Flying with a Dog? Here’s What You Need to Know
Flying with a dog used to be fairly straightforward: Get a travel crate, don’t feed your dog too much, administer a sedative from your vet, treat the dog in its crate as checked luggage, and cross your fingers.
Today the process is more complicated, and for good reason; the old approach was not only challenging and a bit scary, but also frequently unsafe. Further, service and emotional support pets are now far more common on airplanes, introducing another layer of complexity to the rules surrounding pet air travel. Airline policies vary considerably by dog size, breed, temperament, and cabin vs. cargo rules, so there is a lot to know before you attempt to bring your dog on a plane with you.
General Considerations for Flying with a Dog
The choice to take your dog in the cabin with you versus traveling in the cargo hold will often be decided for you by the size of the animal and the airline’s policy; see the next section for airline policies in this regard. In general, carrying your pet into the cabin with you is safer than putting it into the cargo hold.
Some airlines restrict the total number of pets allowed on any given flight, and these spots are usually parceled out on a first-come, first-served basis—so you will want to book early.
Expect to pay a fee to fly with your dog. Current standard fees range from around $75 to $200 each way, and can go up to several hundred dollars for larger dogs that must be transported on cargo planes.
If at all possible, choose a direct flight. As tough as flying is on a dog, especially in the cargo hold, submitting them to even longer travel times plus multiple encounters with baggage handling can easily go sideways. My family flew cross-country with our dog several years ago, and had purchased direct flights, but due to aircraft problems on the way home had to switch to a connecting itinerary. During our connection in St. Louis, we watched helplessly through the airport windows as a baggage hander in St. Louis let our dog’s travel crate nearly free-fall onto the tarmac. When we picked her up at our home airport, the crate was shattered and the dog significantly traumatized.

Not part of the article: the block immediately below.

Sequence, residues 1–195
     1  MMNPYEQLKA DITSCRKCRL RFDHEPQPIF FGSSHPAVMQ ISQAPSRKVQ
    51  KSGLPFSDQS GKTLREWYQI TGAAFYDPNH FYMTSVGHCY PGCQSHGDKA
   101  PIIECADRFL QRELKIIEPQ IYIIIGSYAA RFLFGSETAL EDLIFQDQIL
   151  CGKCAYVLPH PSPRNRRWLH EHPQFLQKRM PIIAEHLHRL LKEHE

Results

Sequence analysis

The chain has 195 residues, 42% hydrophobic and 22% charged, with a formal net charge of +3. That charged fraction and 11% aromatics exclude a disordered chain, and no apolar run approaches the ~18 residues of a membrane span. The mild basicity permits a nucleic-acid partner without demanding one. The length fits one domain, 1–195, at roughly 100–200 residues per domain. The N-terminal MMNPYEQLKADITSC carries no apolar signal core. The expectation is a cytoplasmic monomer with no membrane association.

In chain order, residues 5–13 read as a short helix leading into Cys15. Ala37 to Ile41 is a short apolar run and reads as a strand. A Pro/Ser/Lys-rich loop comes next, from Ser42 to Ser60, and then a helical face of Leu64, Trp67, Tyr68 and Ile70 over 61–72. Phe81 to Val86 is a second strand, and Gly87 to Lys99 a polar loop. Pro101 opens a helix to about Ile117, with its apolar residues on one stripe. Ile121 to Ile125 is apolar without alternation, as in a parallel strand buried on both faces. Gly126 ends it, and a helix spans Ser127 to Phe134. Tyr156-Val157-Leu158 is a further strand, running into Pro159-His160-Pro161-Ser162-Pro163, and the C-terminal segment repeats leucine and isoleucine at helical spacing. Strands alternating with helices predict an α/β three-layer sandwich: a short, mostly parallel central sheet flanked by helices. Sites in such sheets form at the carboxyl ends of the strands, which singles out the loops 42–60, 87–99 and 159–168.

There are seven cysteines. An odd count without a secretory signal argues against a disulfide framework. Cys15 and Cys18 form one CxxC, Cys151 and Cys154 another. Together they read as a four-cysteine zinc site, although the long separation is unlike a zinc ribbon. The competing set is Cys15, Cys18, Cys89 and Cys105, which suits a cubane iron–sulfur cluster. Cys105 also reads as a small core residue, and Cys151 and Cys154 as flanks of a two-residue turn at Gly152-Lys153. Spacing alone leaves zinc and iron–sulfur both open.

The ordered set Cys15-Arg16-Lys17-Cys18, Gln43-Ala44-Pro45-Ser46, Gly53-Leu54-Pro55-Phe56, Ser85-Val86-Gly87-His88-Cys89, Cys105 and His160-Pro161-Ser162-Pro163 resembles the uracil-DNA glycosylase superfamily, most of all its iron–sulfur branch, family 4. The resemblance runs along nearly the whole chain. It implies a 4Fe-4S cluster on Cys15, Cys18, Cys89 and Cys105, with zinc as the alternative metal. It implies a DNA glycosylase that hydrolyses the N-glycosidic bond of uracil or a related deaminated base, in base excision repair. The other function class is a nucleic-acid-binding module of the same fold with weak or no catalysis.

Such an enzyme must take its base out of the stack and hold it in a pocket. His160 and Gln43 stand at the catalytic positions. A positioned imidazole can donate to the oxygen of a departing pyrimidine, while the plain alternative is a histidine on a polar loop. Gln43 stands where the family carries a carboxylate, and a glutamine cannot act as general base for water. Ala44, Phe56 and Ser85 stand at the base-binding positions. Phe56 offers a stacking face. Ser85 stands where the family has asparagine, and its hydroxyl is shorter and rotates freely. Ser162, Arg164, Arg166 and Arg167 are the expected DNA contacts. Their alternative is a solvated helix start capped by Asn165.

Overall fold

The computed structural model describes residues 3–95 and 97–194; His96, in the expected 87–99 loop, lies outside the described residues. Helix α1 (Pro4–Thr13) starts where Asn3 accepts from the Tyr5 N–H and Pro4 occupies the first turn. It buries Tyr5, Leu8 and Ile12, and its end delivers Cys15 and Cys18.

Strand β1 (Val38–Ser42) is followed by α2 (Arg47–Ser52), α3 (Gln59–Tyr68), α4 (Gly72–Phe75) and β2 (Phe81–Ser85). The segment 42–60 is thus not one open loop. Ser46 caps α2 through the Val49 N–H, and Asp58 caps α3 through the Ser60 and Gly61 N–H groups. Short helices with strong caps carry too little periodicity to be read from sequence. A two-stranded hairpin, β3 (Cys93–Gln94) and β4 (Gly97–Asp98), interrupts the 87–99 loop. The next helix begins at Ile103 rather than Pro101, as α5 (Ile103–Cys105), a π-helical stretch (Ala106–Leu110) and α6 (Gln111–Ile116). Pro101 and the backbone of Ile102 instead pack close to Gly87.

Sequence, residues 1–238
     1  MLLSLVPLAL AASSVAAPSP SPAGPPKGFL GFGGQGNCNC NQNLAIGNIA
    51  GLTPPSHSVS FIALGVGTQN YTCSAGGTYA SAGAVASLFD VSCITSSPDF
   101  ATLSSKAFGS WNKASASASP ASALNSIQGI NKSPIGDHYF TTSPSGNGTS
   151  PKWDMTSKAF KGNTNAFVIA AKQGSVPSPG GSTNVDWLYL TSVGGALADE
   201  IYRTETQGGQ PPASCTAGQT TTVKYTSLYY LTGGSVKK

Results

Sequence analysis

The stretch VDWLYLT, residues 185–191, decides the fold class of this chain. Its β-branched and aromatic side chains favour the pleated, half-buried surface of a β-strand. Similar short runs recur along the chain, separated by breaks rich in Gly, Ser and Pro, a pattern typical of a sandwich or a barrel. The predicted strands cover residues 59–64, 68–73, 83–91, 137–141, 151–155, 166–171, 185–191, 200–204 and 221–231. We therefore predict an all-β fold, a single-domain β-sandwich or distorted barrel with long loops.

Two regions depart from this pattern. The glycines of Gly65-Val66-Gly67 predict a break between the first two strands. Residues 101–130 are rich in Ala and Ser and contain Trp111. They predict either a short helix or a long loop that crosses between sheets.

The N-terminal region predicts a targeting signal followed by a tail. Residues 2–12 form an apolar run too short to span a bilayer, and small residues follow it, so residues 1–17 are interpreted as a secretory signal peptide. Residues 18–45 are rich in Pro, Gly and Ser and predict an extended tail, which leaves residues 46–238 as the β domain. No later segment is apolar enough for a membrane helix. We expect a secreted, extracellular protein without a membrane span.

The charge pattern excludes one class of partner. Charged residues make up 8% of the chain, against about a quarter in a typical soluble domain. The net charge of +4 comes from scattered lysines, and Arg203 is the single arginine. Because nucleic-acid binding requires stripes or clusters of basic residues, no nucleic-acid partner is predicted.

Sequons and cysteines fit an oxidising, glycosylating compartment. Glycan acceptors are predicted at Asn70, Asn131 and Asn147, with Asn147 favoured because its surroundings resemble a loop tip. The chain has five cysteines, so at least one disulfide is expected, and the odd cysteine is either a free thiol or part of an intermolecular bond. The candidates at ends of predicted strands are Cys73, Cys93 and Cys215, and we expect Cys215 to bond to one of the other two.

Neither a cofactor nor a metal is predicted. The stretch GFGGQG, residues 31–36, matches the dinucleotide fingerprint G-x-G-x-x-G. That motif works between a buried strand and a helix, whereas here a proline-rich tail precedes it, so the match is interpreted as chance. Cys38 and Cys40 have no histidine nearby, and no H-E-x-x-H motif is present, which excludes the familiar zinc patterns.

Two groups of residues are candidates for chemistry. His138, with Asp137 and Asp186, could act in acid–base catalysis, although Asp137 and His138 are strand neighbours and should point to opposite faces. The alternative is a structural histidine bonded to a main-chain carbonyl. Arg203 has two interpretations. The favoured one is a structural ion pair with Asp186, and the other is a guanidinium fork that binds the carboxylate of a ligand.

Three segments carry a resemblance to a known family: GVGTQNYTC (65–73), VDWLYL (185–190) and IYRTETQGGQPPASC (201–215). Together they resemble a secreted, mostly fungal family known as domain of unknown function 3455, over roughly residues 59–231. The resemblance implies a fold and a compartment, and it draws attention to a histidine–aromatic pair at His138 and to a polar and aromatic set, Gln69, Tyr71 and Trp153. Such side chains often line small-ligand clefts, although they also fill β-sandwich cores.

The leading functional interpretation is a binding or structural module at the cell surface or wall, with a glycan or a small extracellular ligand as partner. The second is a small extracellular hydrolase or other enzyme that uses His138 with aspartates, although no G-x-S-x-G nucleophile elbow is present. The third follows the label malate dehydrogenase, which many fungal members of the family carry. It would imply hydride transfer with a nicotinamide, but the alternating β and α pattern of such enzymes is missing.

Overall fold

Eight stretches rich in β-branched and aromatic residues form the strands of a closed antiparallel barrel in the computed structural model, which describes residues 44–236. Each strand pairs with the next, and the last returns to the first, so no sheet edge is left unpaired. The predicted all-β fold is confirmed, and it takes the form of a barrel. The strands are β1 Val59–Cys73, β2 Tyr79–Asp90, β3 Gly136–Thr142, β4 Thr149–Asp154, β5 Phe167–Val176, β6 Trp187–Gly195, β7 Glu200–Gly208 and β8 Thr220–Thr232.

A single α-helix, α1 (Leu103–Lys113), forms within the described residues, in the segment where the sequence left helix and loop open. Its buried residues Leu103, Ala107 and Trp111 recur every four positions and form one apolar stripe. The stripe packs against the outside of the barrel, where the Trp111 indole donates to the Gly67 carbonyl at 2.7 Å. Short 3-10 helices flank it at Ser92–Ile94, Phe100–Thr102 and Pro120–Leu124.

Most airlines do not allow pets to travel in the exit row.
Consider the weather. In winter, fly during the day to ensure the warmest possible temperatures for your dog in the cargo hold. In summer, fly early or late to avoid the midday heat.
Get to the airport early enough to exercise your dog without creating a lot of time pressure.
Federal regulations require pets to be at least eight weeks old to fly.
If you have a young, senior, or fragile pet, consult with your vet as to whether they are up for the rigors of air travel.
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Airline Policies for Flying with a Dog
Airline policies are all over the place; some carriers do not accept dogs for travel in the cargo hold, while others do not allow dogs in the cabin. Some have weight restrictions for travel in the cabin, others for the cabin and/or cargo hold, and they can vary tremendously; Air France currently allows dogs up to 75 kilograms/165 pounds(!), while others top out at 32 kilograms/70 pounds.
Other restrictions include the length of the flight, destination, and even whether a codeshare is involved. Still others will only transport dogs as official cargo—that is, on an actual cargo plane. Expect to be charged an additional fee for transporting pets.